Tuesday, July 8, 2008 - Page updated
at 07:11 AM
County's rural-land restrictions go too far, court rules
Seattle Times staff reporter
In a case that could determine how far
local governments can go in limiting forest-clearing across entire watersheds, a
state appeals court ruled Monday that a King County law went too far.
Rural property-rights advocates hailed
the decision as repudiating excessive regulation, while environmentalists said
it could degrade some of the county's most pristine streams and further
jeopardize Puget Sound's threatened chinook salmon.
A three-judge Court of Appeals panel
ruled that the 2004 clearing and grading ordinance — part of a package of
laws collectively but imprecisely called the critical-areas ordinance —
is an indirect but illegal "tax, fee, or charge" on development.
Before the county restricts how much
land a property owner can clear for lawn or pasture, the unanimous court said,
it must show that the clearing of that property would cause some kind of harm.
One of the most far-reaching laws of
its kind, the ordinance prohibits landowners from removing vegetation from more
than half of a property larger than 1-¼ acres or more than 35 percent of a
property of five acres or more.
The Citizens' Alliance for Property
Rights (CAPR) and five landowners sued in 2005 to overturn the law, which was
adopted by the Metropolitan King County Council on a 7-6 vote along party
"I am a happy man today,"
said Steve Hammond, who voted against the ordinance as a Republican council member
and is now president of CAPR. "The civil rights of the rural folks have
been upheld. I think there are a lot of problems with the critical-areas
package of ordinances, but the most egregious problem was addressed today by
Rodney McFarland, who was CAPR
president when the suit was filed, said the law, a "one-size-fits-
Kathy Fletcher, executive director of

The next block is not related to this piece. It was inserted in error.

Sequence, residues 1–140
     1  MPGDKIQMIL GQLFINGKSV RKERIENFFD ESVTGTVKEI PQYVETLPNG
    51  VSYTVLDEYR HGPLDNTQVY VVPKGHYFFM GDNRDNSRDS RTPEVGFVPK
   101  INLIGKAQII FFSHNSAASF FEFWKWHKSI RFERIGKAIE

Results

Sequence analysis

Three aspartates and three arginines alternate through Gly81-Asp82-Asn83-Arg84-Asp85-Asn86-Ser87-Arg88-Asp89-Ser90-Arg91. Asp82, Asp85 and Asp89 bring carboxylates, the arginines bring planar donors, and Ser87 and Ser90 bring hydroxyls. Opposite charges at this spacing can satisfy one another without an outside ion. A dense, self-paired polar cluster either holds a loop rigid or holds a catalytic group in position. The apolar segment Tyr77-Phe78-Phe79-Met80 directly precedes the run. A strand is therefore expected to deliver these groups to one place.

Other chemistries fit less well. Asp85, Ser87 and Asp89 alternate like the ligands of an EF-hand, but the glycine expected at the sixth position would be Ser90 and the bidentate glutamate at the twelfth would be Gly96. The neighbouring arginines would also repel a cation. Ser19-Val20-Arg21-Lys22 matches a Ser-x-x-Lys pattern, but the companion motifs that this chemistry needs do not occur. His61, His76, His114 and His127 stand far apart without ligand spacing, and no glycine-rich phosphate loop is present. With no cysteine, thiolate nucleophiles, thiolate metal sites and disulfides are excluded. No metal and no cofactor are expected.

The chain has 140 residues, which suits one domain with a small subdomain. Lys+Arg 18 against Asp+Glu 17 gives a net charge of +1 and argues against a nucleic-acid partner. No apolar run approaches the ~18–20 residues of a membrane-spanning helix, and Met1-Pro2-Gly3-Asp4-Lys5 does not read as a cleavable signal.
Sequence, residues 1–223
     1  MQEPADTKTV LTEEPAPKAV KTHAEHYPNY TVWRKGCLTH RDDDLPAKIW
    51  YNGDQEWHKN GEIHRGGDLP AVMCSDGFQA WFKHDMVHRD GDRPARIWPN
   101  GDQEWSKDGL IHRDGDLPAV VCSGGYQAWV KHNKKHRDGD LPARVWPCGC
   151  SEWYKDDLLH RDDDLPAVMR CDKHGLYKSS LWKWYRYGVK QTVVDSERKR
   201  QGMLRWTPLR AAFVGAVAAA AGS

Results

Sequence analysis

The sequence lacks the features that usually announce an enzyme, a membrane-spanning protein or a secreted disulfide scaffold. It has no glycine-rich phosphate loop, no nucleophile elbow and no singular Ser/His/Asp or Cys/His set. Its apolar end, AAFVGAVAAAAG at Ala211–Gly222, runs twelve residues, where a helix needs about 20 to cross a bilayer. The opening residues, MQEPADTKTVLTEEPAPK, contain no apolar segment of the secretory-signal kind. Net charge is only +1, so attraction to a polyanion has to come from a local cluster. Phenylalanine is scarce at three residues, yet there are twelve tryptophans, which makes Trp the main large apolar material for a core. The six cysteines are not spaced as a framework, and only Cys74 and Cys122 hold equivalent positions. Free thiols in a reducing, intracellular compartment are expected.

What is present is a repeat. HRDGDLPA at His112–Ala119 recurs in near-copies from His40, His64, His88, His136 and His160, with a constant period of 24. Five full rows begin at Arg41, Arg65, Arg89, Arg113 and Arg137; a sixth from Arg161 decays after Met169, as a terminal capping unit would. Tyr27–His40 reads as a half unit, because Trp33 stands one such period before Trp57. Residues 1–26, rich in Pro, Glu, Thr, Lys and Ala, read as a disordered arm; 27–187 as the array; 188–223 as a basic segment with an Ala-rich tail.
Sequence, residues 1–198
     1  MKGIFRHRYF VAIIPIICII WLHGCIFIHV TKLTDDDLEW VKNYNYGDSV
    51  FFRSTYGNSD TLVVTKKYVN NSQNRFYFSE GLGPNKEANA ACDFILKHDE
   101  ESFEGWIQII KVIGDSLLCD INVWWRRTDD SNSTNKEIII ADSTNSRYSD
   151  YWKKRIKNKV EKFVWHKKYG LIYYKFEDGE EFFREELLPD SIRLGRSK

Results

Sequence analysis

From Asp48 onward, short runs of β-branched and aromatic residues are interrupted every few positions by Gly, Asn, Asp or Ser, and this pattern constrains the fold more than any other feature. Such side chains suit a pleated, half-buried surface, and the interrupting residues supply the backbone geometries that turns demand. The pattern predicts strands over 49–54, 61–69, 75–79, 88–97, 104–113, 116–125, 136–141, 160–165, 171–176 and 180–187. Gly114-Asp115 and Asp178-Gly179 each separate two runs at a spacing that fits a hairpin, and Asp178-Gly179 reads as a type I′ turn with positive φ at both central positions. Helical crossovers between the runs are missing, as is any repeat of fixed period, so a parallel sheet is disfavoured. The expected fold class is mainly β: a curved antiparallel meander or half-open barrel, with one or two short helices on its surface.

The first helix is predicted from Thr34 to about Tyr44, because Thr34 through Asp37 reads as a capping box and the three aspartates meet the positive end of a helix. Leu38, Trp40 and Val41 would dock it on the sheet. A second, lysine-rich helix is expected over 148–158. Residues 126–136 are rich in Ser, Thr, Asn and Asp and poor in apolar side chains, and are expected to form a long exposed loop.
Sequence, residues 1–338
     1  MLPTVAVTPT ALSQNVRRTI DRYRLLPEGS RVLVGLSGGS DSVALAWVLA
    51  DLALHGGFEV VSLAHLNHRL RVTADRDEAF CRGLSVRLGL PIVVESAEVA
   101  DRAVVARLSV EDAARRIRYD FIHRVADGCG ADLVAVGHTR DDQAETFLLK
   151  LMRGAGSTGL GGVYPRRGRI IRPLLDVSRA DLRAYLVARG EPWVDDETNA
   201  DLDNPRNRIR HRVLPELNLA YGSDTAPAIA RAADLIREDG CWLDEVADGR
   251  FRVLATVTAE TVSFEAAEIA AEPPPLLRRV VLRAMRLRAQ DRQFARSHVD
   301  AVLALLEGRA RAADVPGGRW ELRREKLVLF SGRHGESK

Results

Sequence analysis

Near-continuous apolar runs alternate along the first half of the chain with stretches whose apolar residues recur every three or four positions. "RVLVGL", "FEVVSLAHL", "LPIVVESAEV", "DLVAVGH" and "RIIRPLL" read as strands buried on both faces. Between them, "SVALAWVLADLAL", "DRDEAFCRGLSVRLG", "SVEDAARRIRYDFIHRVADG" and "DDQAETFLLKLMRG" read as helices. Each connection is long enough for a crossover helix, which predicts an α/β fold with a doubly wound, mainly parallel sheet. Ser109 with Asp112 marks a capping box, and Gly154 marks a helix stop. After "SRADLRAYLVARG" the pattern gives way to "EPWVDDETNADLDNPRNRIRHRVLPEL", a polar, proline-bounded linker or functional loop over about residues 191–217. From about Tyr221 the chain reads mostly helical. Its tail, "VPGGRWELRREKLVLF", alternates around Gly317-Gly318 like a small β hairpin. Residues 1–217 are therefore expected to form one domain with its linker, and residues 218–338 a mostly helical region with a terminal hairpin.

People for Puget Sound, was among environmentalists dismayed by the court's
"The ordinance was critical to
the county's ability to maintain healthy watersheds and that — the
stormwater issue — is one of the key issues for the health of Puget Sound
as well," she said. "This is a ruling that, if it's upheld, is going
to make it very much more challenging to restore the health of Puget
The law was written after county
biologists compiled scientific studies, some of which said the health of
streams seriously deteriorates when 30 percent of a watershed's forest cover is
Appeals Court Judge Ronald Cox, in an
opinion endorsed by colleagues Susan Agid and Anne Ellington, wrote that state
law restricting taxes on development prohibits the county from limiting
development without showing the effects of the specific proposal.
"The plain language of the
statute does not permit conditions that are reasonably necessary for all development, or any potential
development," Cox wrote.
The judges rejected King County's
argument that the county ordinance was legal because it followed the state
Growth Management Act's mandate that local governments use "best available
science" to regularly update ordinances that restrict development around
critical areas such as streams, wetlands and steep hillsides.
County Executive Ron Sims, who
proposed the clearing restrictions, issued a written statement saying he was
"very disappointed" with the ruling, which he said "fails to
recognize that these clearing limits help recharge groundwater used by property
owners for their drinking water" and help prevent floods.
Sims said the ordinance remains in
effect while the county decides whether to appeal Monday's court ruling to the
state Supreme Court.
County Council Democrats Julia
Patterson, Dow Constantine, Larry Phillips and Larry Gossett said in a joint
statement that regulating properties on a site-by-site basis "would be
burdensome and expensive" for the county and for landowners. Democrat Bob
Ferguson declined to comment before reading the court ruling, council spokesman
Frank Abe said.
The council's four Republicans
welcomed the court decision. "Small-property owners — not the county
— are the best stewards of the land," said Councilmember Reagan
Dunn, adding that the clearing ordinance "was a blunt instrument used to
strip residents of their property rights."
206-464-2105 or kervin@seattletimes